Jump to content

HMS Boadicea (H65)

Coordinates: 50°25′41″N 02°45′57″W / 50.42806°N 2.76583°W / 50.42806; -2.76583
This is a good article. Click here for more information.
From Wikipedia, the free encyclopedia

Boadicea at anchor sometime during World War II
United Kingdom
Ordered4 March 1929
BuilderHawthorn Leslie
Laid down11 July 1929
Launched23 September 1930
Completed7 April 1931
IdentificationPennant number: H65[1]
FateSunk 13 June 1944, Lyme Bay
General characteristics (as built)
Class and typeB-class destroyer
Displacement1,360 long tons (1,380 t) (standard)
Length323 ft (98.5 m) (o/a)
Beam32 ft 3 in (9.8 m)
Draught12 ft 3 in (3.7 m)
Installed power
Propulsion2 × shafts; 2 × geared steam turbines
Speed35 knots (65 km/h; 40 mph)
Range4,800 nmi (8,900 km; 5,500 mi) at 15 knots (28 km/h; 17 mph)
Complement142 (wartime)
Sensors and
processing systems
Type 119 ASDIC

HMS Boadicea was a B-class destroyer built for the Royal Navy (RN) around 1930. Initially assigned to the Mediterranean Fleet, she was transferred to the Home Fleet in 1936. Before her departure, the ship evacuated civilians from Spain during the beginning of the Spanish Civil War of 1936–1939. Boadicea later spent considerable time in Spanish waters, enforcing the arms blockade imposed by Britain and France on both sides of the conflict. During World War II, the ship spent the bulk of the war on convoy escort duty in British waters and participated in the Battle of the Atlantic, Operation Torch, the Russian Convoys, and in the Normandy landings. Badly damaged by German dive bombers in 1940, she was sunk almost exactly four years later by German aircraft.


Boadicea displaced 1,360 long tons (1,380 t) at standard load and 1,790 long tons (1,820 t) at deep load. The ship had an overall length of 323 feet (98.5 m), a beam of 32 feet 3 inches (9.8 m) and a draught of 12 feet 3 inches (3.7 m).[1] She was powered by Parsons geared steam turbines,[2] driving two shafts, which developed a total of 34,000 shaft horsepower (25,000 kW) and gave a maximum speed of 35 knots (65 km/h; 40 mph). Steam for the turbines was provided by three Admiralty 3-drum boilers. Boadicea carried a maximum of 390 long tons (400 t) of fuel oil that gave her a range of 4,800 nautical miles (8,900 km; 5,500 mi) at 15 knots (28 km/h; 17 mph).[1] The ship's complement was 134 officers and ratings, although it increased to 142 during wartime.[3]

The ship mounted four 45-calibre quick-firing (QF) 4.7-inch Mk IX guns in single mounts, designated 'A', 'B', 'X', and 'Y' from front to rear. For anti-aircraft (AA) defence, Boadicea had two 40-millimetre (1.6 in) QF 2-pounder Mk II AA guns mounted on a platform between her funnels. She was fitted with two above-water quadruple torpedo tube mounts for 21-inch (533 mm) torpedoes.[3] One depth charge rail and two throwers were fitted; 20 depth charges were originally carried, but this increased to 35 shortly after the war began.[4] The ship was fitted with a Type 119 ASDIC set to detect submarines by reflections from sound waves beamed into the water.[5]

By October 1940, the ship's anti-aircraft armament was increased when the rear set of torpedo tubes was replaced by a 3-inch (76.2 mm) (12-pounder) AA gun.[6] The 'Y' gun was later removed to compensate for the additional depth charges added.[7] When Boadicea was converted into an escort destroyer at the end of 1943, her 'A' gun was replaced by a Hedgehog anti-submarine spigot mortar and additional depth charge stowage replaced the 12-pounder high-angle gun.[4] In addition, two QF 6-pounder Hotchkiss guns were added to deal with surfaced submarines at close range[8] and the 2-pounder guns were replaced by 20-millimetre (0.8 in) Oerlikon autocannon and four additional Oerlikon guns were also added.[4]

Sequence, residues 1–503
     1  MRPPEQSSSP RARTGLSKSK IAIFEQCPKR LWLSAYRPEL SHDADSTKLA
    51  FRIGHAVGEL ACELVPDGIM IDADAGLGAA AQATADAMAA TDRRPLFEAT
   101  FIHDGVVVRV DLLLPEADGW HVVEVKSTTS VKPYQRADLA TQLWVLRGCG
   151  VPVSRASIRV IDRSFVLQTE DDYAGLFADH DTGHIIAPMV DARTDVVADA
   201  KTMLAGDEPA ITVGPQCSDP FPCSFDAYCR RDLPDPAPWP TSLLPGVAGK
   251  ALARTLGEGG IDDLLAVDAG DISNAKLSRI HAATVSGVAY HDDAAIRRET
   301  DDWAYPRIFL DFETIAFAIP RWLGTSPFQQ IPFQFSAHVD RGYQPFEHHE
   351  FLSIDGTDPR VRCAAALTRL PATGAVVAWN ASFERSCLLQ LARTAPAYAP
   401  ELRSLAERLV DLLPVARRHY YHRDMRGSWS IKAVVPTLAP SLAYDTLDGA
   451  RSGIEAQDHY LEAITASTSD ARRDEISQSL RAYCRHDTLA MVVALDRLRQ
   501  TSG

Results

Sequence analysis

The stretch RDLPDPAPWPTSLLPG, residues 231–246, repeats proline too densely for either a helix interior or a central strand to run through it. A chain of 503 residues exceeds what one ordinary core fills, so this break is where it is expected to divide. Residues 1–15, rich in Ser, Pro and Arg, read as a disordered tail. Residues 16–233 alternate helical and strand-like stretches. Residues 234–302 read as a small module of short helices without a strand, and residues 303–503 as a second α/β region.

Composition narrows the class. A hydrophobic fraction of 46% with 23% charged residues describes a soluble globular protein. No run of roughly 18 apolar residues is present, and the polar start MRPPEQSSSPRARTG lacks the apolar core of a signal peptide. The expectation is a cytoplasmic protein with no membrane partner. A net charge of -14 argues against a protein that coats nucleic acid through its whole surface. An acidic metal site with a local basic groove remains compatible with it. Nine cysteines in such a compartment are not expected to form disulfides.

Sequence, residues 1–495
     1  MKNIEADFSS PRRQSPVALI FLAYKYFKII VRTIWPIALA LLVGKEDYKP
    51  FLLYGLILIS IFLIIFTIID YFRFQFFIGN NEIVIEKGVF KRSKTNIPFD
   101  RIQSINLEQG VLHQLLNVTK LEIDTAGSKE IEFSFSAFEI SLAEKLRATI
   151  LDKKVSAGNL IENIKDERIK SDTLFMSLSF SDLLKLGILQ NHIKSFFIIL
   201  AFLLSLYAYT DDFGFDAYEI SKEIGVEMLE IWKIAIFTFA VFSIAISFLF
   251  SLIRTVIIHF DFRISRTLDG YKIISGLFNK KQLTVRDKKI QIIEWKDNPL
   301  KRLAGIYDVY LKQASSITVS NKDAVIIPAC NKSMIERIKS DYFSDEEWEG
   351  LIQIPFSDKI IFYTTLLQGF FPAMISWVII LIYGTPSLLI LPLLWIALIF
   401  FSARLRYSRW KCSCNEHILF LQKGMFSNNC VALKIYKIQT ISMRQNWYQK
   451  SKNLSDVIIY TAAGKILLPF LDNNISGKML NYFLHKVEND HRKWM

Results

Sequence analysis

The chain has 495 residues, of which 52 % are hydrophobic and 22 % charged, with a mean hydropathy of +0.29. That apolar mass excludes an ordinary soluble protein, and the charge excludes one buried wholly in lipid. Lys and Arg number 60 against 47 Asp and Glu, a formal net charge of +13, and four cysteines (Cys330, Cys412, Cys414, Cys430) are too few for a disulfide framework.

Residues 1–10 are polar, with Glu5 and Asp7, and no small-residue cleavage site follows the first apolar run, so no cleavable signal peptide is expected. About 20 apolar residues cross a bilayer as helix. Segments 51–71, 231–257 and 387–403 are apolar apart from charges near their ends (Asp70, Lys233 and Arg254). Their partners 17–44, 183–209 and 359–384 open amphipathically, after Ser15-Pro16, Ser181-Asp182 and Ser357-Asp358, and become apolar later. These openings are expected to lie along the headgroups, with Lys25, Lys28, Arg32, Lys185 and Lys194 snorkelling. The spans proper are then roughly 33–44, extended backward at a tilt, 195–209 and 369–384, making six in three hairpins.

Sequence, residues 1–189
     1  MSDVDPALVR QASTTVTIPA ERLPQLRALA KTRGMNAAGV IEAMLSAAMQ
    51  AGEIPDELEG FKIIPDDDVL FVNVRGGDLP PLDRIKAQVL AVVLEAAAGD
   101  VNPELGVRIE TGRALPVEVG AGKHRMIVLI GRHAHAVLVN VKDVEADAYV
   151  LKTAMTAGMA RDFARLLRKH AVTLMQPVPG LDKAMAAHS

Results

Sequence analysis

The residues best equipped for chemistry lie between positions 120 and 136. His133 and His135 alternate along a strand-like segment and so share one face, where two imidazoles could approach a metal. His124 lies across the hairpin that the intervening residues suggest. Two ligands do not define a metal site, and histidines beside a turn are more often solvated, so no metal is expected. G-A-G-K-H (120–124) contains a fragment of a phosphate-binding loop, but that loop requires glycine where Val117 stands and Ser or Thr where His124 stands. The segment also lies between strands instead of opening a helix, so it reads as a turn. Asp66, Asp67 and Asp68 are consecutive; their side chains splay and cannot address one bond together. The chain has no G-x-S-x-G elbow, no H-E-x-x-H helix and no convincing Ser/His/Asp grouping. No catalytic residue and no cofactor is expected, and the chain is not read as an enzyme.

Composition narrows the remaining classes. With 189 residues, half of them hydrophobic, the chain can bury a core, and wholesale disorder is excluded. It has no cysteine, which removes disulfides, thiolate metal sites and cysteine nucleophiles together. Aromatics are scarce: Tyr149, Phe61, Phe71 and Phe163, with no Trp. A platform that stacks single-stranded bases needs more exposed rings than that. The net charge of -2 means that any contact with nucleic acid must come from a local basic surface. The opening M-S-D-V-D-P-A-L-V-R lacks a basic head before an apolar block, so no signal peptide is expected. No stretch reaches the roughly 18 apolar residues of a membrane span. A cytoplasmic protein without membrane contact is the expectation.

Construction and service[edit]

The ship was ordered on 4 March 1929 from Hawthorn Leslie, under the 1928 Naval Programme. She was laid down at Hebburn-on-Tyne on 11 July 1929, and launched on 23 September 1930,[9] as the fifth RN ship to carry this name.[10] Boadicea was completed on 9 April 1931[11] at a cost of £225,325, excluding items supplied by the Admiralty such as guns, ammunition and communications equipment.[2] After her commissioning, she was assigned to the 4th Destroyer Flotilla with the Mediterranean Fleet until 1936. She was damaged whilst refuelling at sea with the battleship Revenge on 15 March 1935; her repairs lasted until 18 April. Later that year she was deployed to Famagusta, Cyprus, and Haifa, Palestine to assist British forces in putting down riots from December 1935 – January 1936. Boadicea had to return to Haifa in June to help put down the beginnings of the Arab Revolt. Afterwards the ship was deployed to Cartagena and Valencia to evacuate civilians at the start of the Spanish Civil War before beginning a refit at Portsmouth that lasted until 26 September. She remained with the 4th Flotilla until January 1939 and made multiple deployments off the coast of Spain enforcing the embargo until April 1938 when she was again refitted. After leaving the 4th Flotilla, Boadicea served as the plane guard for the aircraft carriers of the Mediterranean Fleet for a few months until she became the emergency destroyer at the Nore. She was attached to the Reserve Fleet at Portland for the Fleet Review in August 1939.[12]

On 29 August, Boadicea was assigned to the 19th Destroyer Flotilla based at Dover where she escorted the troopships of the British Expeditionary Force through October. The ship was then transferred to the 22nd Destroyer Flotilla at Harwich for two months before rejoining the 19th Flotilla where she escorted convoys through the English Channel. On 4 March 1940, she towed the oil tanker Charles F. Meyer to Southampton Water after that ship struck a mine. Boadicea began a refit at Chatham Dockyard on 2 May and was not operational until she sailed for Le Havre, France on 9 June to assist in the evacuation of British troops before advancing German troops.[12] The next afternoon, she was severely damaged by Junkers Ju 87 "Stuka" dive bombers that knocked out her engines and boilers. After all depth charges and torpedoes were jettisoned to reduce her topweight and temporary repairs made to the holes in her hull, Boadicea was towed by the destroyer Ambuscade and the tugboat Krooman to Dover.[13]